Fashion forward: Building a sustainable, ethical fashion future

Fashion forward: Building a sustainable, ethical fashion future

As a child of the turn of the century, I have to admit that I’ve been pretty disappointed with the way “the future” has unfolded so far. I’m still waiting for the flying solar-powered car I was promised some 15 years ago by “Popular Mechanics for Kids,” and while I’m a big fan of my smartphone, a small part of me thinks of Leia’s hologram message to Obi-Wan in Star Wars and knows that Siri just does not cut it.

The wicked problem: The clothing industry today

In all seriousness, one of the biggest ways that the present has failed to live up to the expectations of our past selves is in the simple, everyday reality of how our clothes are made. There are few industries quite so thoroughly saddening as the fashion industry. Ask someone about the beautiful jacket he or she is wearing and their face lights up. Ask them how it was made and the conversation trails off abruptly.

Why? Because we all know that our relationship with clothing is characterized by varying degrees of waste and exploitation. The 60 million people in the United Kingdom, for instance, have an estimated £30 billion in unworn clothing in their collective closet. Factories in Bangladesh routinely fail to pay their workers even the lowest of minimum wages, to say nothing of the infamously dangerous working conditions. The Chinese textile industry creates approximately 3 billion tons of soot and 2.5 billion tons of wastewater discharge annually. In 2012, the Yangtze River literally ran red with textile dyes that evinced this sad truth.


Thankfully, this state of affairs is not a foregone conclusion. Sam Cooke once sang that “a change is gonna come.” I can tell you from my experience working with some of Canada’s best and brightest social entrepreneurs that it’s already here.

Community collaboration and worker treatment

Are the people who manufacture our clothing treated well? Are they well compensated? Are their work environments safe? Do the companies they work for support the growth and empowerment of people in the community?

For social entrepreneurs building the future of fashion, the answer to all of these questions must be a resounding “Yes!” Oliberté, a Canadian footwear company operating in Ethiopia and a registered B Corporation, is a fantastic example of where fashion is going in this regard. According to its B Impact assessment, Oliberté’s worker treatment and community impact scores are fantastic, even when compared to other corporate do-gooders.

Just a few of their corporate policies worth highlighting include:

  • fair pay (over double Ethiopia’s mandated minimum wage);
  • guaranteed 90-day paid maternity leave;
  • transportation allowance;
  • weekly doctor visits to check on employee health;
  • unionization of workers; and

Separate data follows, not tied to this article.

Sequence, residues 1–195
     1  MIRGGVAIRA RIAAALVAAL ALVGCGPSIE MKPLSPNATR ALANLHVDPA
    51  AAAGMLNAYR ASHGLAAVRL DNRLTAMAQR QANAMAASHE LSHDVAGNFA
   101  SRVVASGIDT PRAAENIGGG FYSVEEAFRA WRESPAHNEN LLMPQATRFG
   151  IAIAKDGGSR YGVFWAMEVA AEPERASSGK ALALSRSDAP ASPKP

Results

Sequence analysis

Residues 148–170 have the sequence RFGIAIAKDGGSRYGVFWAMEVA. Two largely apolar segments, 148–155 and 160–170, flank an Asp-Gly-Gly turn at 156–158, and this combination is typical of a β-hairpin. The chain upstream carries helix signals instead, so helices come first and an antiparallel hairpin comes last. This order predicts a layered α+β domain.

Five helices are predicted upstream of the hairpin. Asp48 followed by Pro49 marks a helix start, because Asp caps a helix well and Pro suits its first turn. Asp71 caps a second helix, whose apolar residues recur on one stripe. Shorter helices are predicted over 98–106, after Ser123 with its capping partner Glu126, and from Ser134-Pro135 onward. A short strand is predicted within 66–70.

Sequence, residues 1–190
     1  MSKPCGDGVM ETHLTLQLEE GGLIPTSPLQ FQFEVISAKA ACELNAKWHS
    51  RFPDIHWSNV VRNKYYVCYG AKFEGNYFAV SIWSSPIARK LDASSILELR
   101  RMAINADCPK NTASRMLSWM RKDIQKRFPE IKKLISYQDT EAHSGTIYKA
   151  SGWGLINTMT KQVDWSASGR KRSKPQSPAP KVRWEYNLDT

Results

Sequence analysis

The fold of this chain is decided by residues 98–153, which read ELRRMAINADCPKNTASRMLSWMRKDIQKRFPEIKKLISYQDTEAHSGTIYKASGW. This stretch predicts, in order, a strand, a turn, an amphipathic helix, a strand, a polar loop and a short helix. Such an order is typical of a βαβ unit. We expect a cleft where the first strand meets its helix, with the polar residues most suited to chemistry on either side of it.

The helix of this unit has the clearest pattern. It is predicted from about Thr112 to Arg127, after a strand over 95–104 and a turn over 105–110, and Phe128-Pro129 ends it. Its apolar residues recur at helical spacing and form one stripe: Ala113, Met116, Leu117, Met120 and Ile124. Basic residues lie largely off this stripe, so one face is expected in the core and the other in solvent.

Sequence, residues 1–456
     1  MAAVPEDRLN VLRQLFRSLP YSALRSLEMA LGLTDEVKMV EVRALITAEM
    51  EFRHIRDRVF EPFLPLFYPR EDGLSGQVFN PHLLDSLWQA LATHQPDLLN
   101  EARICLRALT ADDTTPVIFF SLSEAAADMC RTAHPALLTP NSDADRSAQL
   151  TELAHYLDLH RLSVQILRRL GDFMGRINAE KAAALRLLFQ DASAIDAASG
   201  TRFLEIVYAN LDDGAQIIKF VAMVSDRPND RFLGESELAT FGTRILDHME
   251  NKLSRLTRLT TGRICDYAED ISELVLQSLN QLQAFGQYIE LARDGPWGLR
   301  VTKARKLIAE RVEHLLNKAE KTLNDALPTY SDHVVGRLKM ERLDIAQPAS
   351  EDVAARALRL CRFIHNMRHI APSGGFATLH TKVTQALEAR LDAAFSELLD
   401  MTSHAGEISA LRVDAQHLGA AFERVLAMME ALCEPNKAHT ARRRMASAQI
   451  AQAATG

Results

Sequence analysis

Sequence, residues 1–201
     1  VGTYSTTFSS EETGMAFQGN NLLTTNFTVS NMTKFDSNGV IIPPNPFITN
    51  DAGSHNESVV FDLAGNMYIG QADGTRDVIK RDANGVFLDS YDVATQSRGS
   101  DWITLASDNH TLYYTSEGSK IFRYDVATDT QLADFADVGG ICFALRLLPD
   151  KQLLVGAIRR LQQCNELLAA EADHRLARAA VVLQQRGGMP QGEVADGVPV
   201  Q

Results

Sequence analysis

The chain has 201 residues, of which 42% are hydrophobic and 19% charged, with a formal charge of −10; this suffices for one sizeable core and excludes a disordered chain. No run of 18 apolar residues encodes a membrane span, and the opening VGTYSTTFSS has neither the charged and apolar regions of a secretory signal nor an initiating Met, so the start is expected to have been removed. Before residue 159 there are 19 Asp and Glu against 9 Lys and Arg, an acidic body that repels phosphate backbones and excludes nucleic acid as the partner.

• B Corp and Fair Trade certifications.

Upcycling, sustainable sourcing and waste reduction

There has been a lot of news lately about Swedish mega-retailer H&M’s pledge to source 100% of their cotton from sustainable sources by 2020. The decline in water waste, fertilizer use and future carbon emissions certainly makes this a laudable goal, but what about the astronomical quantity of unwanted clothes that are already out there?

Canadian social enterprise Local Buttons seeks to tackle that problem within the context of Haiti, where thousands of tons of foreign-donated second-hand clothing are shipped annually. Local Buttons works closely with skilled Haitian tailors and artisans to create sustainable, ethical professional wear from second-hand materials.

Co-founder Anne Pringle pointedly describes the business as “taking the discarded goods that North America sends to Haiti, adding value to it and sending it back at a profit that keeps value in Haiti.”

What makes this enterprise unique—and hopefully a herald of future fashion—is that Local Buttons shows how upcycling can be harnessed on an international level and integrated with conventional manufacturing. The company sources entirely locally (in Haiti) and the manufacturing process is free of dyes, large amounts of water and other inputs with sizable environmental impacts.

Local Buttons sourcing materials at a second-hand clothing market in Haiti
Local Buttons sourcing materials at a second-hand clothing market in Haiti

Crowdfunding and crowdsourcing resources

The last of our future of fashion trends may not seem obvious, but it cuts right to the heart of the matter. The present relationship between fashion designers, retailers and consumers is the basis from which the negative outputs we identified earlier originate.

Luevo, a Canadian crowdfunding platform for fashion designers, believes it has an answer to a chunk of the wicked problem that is today’s clothing industry. Luevo allows consumers to pre-order products before they are manufactured, enabling designers to produce in line with demand, reducing inventory and waste. This also allows clothing producers from small designers to large corporations to improve their margins by cutting waste-related loss. It also allows smaller designers to avoid some of the prodigious risk that comes with producing a clothing line without any guarantee of sales. Luevo designers are also searchable by options such as ethical, eco-friendly and local production.

According to Luevo co-founder Ana Caracaleanu: “The idea is to empower consumers to take control of the repercussions of our buying behaviours.”

Re-fashioning the clothing industry of tomorrow

As Anne Pringle of Local Buttons notes: “The future of fashion is a creative problem with a creative solution. Like all art, fashion has the power to change the world.”

We have the power to define the future of fashion through more transparent, collaborative, thoughtful production and consumption. These Canadian social entrepreneurs are showing us that we are well on our way.

Now about my flying solar car…